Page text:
Which muscle does not stabilize the ankle joint?

When doing any standing activity, ankles will be used.  If you are looking to maximize strength or balance, checking stability of the ankles is a critical area that is frequently overlooked in training programs.  There is some significant loss of control of precise movements when these muscles are weak. Additionally, some of your potential power is being ‘left on the table’.  Which of the following muscles does not prevent medial or lateral flexion of the ankle?

  1. Tibialis anterior
  2. Tibialis posterior
  3. Gastrocnemius
  4. Fibularis longus
  5. Peroneus Tertius

It is important to make a distinction between two common usages of the term ‘stabilizers’.  The stabilizer term can be used in the context of referring to a joint, and other times in the context of stabilizing a functional movement.  It is very important to be clear on these two common usages because they can cause confusion in your training program.

When the term is used in the context of stabilizing a joint, it is referring to exerting force to control medial and lateral motions.  If we look at stability of the ankle as a joint, four of these muscles are stabilizers.  They prevent lateral and medial motion of the ankle joint.  These muscles will always be stabilizers of the ankle joint.

SkateFootwork_BackswingIf instead, we look at stabilizers of a functional movement, these same muscles will sometimes be stabilizers, and other times be agonists, antagonist or synergists depending on the movement.  If for example, we look at the functional movement of ankle flexion (i.e. rising up on your toes), these same four muscles will ‘stabilize’ the action of ankle flexion.  If instead, we look at a functional movements involved in golf when the back foot exerts a push posterior and medial during a drive downswing, the activity of the same muscles change.  In this functional movement, two of the ankle stabilizers will be acting in a prime mover (agonist) capacity by contributing to the medial motion of the drive.

The answer to the question is 3 – gastrocnemius.  This is one of the bigger calf muscles that primarily plantar flexes (points) the foot.

1 – Tibialis Anterior – This muscle pulls the foot upward and stabilizes the ankle from eversion (prevents the sole from twisting to face laterally).

2 – Tibialis Posterior – This muscle pulls the foot to point downward and stabilizes the ankle from eversion (prevents the sole from twisting to face laterally).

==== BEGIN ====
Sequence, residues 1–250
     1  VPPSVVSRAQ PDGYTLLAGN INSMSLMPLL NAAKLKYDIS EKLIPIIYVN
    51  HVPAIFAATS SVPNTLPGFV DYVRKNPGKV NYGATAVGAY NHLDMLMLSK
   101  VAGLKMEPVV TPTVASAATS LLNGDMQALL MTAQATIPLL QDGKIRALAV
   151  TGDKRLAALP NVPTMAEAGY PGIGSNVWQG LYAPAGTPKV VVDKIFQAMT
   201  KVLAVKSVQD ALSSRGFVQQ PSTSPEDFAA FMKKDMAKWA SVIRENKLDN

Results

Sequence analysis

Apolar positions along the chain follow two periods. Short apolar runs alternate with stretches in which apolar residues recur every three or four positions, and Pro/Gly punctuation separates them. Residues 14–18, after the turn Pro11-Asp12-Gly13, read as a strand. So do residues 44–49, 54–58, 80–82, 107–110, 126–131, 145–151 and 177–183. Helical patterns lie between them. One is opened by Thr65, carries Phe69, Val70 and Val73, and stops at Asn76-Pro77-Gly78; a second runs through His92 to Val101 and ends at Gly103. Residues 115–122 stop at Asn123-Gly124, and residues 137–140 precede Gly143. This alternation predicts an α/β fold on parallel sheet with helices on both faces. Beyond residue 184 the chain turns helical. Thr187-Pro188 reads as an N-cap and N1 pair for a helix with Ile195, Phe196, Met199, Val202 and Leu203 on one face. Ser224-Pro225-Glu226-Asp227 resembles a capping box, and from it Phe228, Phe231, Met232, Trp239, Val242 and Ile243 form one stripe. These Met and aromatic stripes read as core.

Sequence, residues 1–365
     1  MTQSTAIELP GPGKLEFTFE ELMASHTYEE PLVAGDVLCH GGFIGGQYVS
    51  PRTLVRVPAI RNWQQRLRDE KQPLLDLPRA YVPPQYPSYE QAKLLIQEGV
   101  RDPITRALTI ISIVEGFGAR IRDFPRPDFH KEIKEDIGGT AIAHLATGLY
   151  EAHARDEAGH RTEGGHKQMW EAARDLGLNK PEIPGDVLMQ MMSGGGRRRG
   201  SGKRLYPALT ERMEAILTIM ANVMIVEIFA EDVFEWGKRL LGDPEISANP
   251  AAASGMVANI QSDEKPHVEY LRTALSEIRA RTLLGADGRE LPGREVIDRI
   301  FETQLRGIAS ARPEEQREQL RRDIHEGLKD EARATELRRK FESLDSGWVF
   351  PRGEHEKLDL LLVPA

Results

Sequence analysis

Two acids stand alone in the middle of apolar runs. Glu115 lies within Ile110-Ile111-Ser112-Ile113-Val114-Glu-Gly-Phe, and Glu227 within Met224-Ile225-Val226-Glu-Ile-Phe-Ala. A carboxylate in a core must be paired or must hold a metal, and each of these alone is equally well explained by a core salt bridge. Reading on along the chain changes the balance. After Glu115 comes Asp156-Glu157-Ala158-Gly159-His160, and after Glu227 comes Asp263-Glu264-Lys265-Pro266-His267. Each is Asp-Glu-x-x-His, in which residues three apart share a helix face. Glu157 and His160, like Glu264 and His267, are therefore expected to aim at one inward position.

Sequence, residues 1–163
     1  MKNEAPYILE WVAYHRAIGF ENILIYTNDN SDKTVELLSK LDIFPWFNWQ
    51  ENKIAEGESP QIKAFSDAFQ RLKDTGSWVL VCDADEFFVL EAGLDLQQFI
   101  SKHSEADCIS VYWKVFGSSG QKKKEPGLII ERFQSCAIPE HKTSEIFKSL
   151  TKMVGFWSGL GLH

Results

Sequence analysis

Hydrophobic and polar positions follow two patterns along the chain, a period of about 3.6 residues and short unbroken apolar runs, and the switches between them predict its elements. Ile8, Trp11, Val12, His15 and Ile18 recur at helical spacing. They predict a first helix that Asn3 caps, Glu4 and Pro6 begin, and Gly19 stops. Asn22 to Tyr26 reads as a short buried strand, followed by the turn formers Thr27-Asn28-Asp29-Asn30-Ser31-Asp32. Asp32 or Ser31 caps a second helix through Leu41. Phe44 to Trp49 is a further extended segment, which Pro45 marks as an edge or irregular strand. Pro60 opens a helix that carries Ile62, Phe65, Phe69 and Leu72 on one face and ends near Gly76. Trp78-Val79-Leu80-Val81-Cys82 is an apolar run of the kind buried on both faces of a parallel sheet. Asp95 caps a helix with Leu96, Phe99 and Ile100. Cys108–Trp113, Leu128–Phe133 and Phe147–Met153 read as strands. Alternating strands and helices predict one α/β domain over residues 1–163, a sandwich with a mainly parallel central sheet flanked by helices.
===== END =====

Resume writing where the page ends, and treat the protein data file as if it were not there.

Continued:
4 – Fibularis Longus – The muscle is also called Peroneus Longus and point the foot down and stabilizes the ankle from inversion (prevents the sole from twisting to face medial).

5 – Peroneus Tertius – This muscle is also called Fibularis Tertius and pulls the foot up and stabilizes the ankle from inversion (prevents the sole from twisting to face medial).

Excerpt from upcoming book “Golf: Training Driven By Diagnosis” by Dr. John M. Wallman

DoctorWallman.com

Clinic / Screening – Balanced Muscle Strength for Runners – August 29

NYIT Bears LogoWhat: The Diagnosis Foundation will be holding a clinic and a screening regarding Balanced Muscle Strength for Runners .

Who: New York Institute of Technology (NYIT) Cross Country Team.  This event is not open to the public.

Where: NYIT Central Islip campus, 300 Carleton Ave. Central Islip, NY 11722-9029

When: The events will take place on Thursday, August 29, from 2-3:30 pm.

Activities include:

  • Clinic: Topics will include: Introduction to the DxF, Stages of Muscle Imbalance, Classical Muscle Imbalances for Runners & Screening Demonstration with Clinical Implications.
  • Screening: Balanced Muscle Strength testing of 12 leg muscles for team members.  Balancing muscle strength in the legs results in improved runner’s athletic performance, decrease injuries and prevents certain forms of osteoarthritis.

For additional info:

  • DxF screening program
  • DxF Clinics – 1-2 hour programs to introduce the concept of Balanced Muscle Strength and the implication on athletic performance and health.
  • Volunteer at screening event – To volunteer at the DxF screening booth, please contact: Info@DxFoundation.org
  • Certification Course – To become certified to be an muscle strength examiner at DxF sanctioned screening events.
  • Online Education Course – Learn how to perform 12 muscle strength tests in the legs. (Certification not included)
  • Seminar Review – Learn muscle strength testing for 12 muscles during 1 weekend.  Course intended for fitness & health professionals with some knowledge of anatomy.